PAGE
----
Fitness in the Digital Age

The past, present and future of fitness technology.

Mazhar Bagasrawala
Mar 2 · 4 min read
Photo by Luke Chesser on Unsplash

Fitness is ‘The condition of being physically fit and healthy.’ It’s about having the energy and strength to feel as good as possible. Exercise generates endorphins within the brain and nervous system, which make us feel happier. Staying active speeds up the metabolism, which burns calories even while at rest. Improving fitness levels is beneficial to the muscles, bones, heart, lungs and joints. It lowers the risk of many dangerous diseases and helps us sleep better, deal with stress, and keep the mind sharp. Today, digital and wearable health and fitness technologies are seamlessly integrated into our everyday lives. In fact, around 50% of smartphone users today have downloaded a fitness app.


This scene from the film Perfect depicts the 70's/80's fad for aerobics.

So when did fitness technology originate?

In the 1900’s, industrialisation brought about desk-bound lifestyles, and we started to exercise as a leisure activity to remain healthy. Simple machines like the weighted pulley were built in order to achieve fitness goals. Both men and women began training with contemporary equipment. When fitness activities boomed in the 1970’s, video-cassette recorders became an important component in fighting sedentary living. Exercise videos guiding us to achieve an ideal body were sold in the millions. Consequently, electronic treadmills and exercise bikes began replacing traditional exercise machinery. While being more silent and efficient, they permitted a higher degree of personalisation, based on the user’s fitness level.

Photo by Trust "Tru" Katsande on Unsplash

The current scenario:

The devices that help us stay fit today offer a far superior level of personalisation. These include wearables such as the FitBit, Apple Watch or Oakley Radar Pace glasses and mobile applications like NTC (Nike Training Club). Wearables track and monitor complicated systems such as our eating habits, pulse, movement, calories, sleep patterns and body composition. The data collected can be benchmarked, shared, and used for personal progress. Today, finding a new gym or booking a sports class is effortless. Online training programs have enabled us to workout anywhere we wish. The global fitness industry is constantly evolving, and we have responded positively to the progress.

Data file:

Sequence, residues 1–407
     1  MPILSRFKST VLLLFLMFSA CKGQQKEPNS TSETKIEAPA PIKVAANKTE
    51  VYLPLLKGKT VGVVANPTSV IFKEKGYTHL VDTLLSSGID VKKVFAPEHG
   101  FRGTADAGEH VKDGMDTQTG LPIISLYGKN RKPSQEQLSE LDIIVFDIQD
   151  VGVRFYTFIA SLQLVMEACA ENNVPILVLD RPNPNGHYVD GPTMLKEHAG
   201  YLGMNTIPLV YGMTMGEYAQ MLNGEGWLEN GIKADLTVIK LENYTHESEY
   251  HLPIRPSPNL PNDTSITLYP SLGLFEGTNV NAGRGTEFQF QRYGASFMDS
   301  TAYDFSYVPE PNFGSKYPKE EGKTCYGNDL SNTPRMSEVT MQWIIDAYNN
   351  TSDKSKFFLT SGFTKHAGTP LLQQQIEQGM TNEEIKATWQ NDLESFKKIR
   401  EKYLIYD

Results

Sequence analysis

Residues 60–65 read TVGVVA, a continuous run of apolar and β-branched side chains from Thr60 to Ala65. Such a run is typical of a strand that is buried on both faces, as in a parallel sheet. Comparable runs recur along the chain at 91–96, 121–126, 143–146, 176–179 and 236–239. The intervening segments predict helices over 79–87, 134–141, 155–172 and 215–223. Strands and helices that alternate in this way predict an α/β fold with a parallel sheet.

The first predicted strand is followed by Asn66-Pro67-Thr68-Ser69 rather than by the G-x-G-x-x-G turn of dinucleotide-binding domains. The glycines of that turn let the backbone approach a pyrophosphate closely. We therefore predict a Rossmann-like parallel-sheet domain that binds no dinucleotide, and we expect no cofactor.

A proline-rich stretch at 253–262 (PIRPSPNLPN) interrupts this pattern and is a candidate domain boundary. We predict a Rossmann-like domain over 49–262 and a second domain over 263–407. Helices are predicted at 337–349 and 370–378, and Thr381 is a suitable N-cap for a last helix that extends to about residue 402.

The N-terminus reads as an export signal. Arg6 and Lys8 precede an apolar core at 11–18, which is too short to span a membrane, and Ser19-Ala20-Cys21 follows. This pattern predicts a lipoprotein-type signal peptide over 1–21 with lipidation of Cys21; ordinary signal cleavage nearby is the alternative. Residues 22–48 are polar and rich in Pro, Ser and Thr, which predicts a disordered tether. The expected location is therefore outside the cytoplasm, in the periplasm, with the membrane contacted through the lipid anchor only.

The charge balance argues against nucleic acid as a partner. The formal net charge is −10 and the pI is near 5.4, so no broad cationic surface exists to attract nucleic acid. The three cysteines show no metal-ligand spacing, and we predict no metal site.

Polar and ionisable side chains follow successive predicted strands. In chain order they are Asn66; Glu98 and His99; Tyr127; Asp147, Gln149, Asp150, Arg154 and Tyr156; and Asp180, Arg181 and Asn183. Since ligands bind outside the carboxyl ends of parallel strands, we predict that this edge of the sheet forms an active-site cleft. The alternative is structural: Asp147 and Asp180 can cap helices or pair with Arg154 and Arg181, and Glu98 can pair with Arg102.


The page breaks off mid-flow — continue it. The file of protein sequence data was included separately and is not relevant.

So what’s next?

Research says, the future of fitness technology lies in three broad domains: Smart Clothing, Virtual Reality and Genetics.

1) Smart Clothing

As wrist-worn wearables lose traction, more personalised and less invasive technology will emerge. In 1984, Adidas released the Micropacer shoe to track a runner’s distance, speed and calories burnt. Today the same, and more biometric data can be obtained from smart socks or shoe-soles. Companies are now embedding tracking sensors within clothing, in the form of compression shirts, shorts or a sleeve. Smart clothing will dramatically improve fitness, also aiding in physio-therapy and injury prevention. These clothes will rollout once they’re more cost and energy efficient.

Photo by Vladislav Skripchenko on Unsplash

2) Virtual Reality

Virtual Reality is set to make workouts more entertaining and motivating than ever. VR immerses users in a digital environment that they can interact with using sensory controllers. Nintendo’s Wii Fit gave us a glimpse of this technology in 2007. The Oculus Rift, today’s foremost VR device, is so engrossing that the health benefits of the experience seem almost incidental. To each their own, but why run on a treadmill when one could rather defeat aliens from outer space in hand to hand combat. A writer from California claims to have lost fifty pounds in five months playing a game called Soundboxing on the HTC Vive! Immersive fitness currently has some limitations and safety issues, however it will surely entice us to get moving in the future.

3) Genetics

Most smartwatches compare a user’s heart rate to the average of someone with the same physicality (age, height, sex) to gauge the amount of calories burnt. It’s not a truly accurate calculation and doesn’t take into account the body’s inner functions. An alternative to obtain such biometric data is through genetic insight, via DNA testing. Many companies currently offer DNA tests using blood, saliva or stools that show us our weaknesses and how to work on them. Once more prevalent, the technology could be integrated in future wearables. Maybe we’ll soon see smart clothing infused with DNA swab kits that collect live information as we sweat it out!


Looking ahead…

In the Digital Age, fitness is considerably more inclusive. It has worldwide accessibility, and absolutely any of us can reach our targets irrespective of time or place. Tomorrow, fitness will be more ingrained in daily life, and will help us build a stronger sense of community. Once reserved to the physical barriers of a gym, fitness activities will move to spaces such as the classroom or workplace, and make working out will feel less like a chore.

Photo by Mārtiņš Zemlickis on Unsplash

Mazhar Bagasrawala

Written by

Product Designer at the Centre for Digital Media, Vancouver 🇨🇦. Interested in tech, business, travel & lifestyle.